Norway Offshore Oil Exploration Hits ‘Major Setback’
In what Reuters calls a “major setback” for the country’s offshore oil and gas ambitions, Norway announced that its most promising exploration well in the Barents Sea turned up no oil and a commercially negligible volume of natural gas.
“Statoil, the country’s top oil and gas producer, has stepped up drilling in the Barents Sea this year as the government seeks to attract more explorers to its Arctic waters to make up for declining North Sea output,” the news agency reports. The company had had high hopes for the Korpfjell well, the first to be drilled in the Norwegian section of an area that was previously disputed between Norway and Russia, describing it as a “high-impact” prospect that could contain more than 250 million barrels of oil or equivalent.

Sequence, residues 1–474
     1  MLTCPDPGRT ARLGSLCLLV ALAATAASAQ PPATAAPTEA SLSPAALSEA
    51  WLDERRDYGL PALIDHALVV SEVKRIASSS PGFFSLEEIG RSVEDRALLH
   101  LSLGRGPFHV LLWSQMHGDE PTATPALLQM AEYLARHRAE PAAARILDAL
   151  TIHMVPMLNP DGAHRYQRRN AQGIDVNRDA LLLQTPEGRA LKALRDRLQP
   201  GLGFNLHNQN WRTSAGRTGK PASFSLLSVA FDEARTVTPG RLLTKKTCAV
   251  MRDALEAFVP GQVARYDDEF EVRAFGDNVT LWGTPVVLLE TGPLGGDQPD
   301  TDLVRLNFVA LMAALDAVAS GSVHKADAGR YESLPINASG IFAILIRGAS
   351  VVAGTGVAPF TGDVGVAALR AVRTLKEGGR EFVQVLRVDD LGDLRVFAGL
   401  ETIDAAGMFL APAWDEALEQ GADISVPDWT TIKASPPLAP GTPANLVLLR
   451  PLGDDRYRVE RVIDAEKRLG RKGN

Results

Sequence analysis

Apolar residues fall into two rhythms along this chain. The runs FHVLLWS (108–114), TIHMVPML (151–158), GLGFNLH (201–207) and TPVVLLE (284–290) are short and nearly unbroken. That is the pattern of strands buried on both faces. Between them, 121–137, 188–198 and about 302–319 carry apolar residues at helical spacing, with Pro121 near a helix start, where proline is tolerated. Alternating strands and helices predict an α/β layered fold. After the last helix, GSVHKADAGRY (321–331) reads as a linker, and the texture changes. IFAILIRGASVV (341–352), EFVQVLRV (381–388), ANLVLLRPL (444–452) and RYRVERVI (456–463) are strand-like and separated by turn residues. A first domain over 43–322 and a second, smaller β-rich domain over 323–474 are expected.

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The Financial Times reports some fossil analysts had put the Korpfjell field’s oil potential at more than a billion barrels.
Although the company plans further exploration activity in 2018, “the results are of course disappointing,” said Statoil’s head of exploration in Norway and UK, Jez Averty. “But it is too early to draw any conclusions on how this will impact the Barents Sea southeast area.”
Korpfjell “was the fourth of Statoil’s five planned exploration wells in the Barents Sea this summer, and the third that failed to prove commercial volumes,” Reuters notes. “If more wells to be drilled in 2018 turn out to be dry, then it would be really bad,” said Sparebank 1 Markets analyst Teodor Sveen-Nilsen.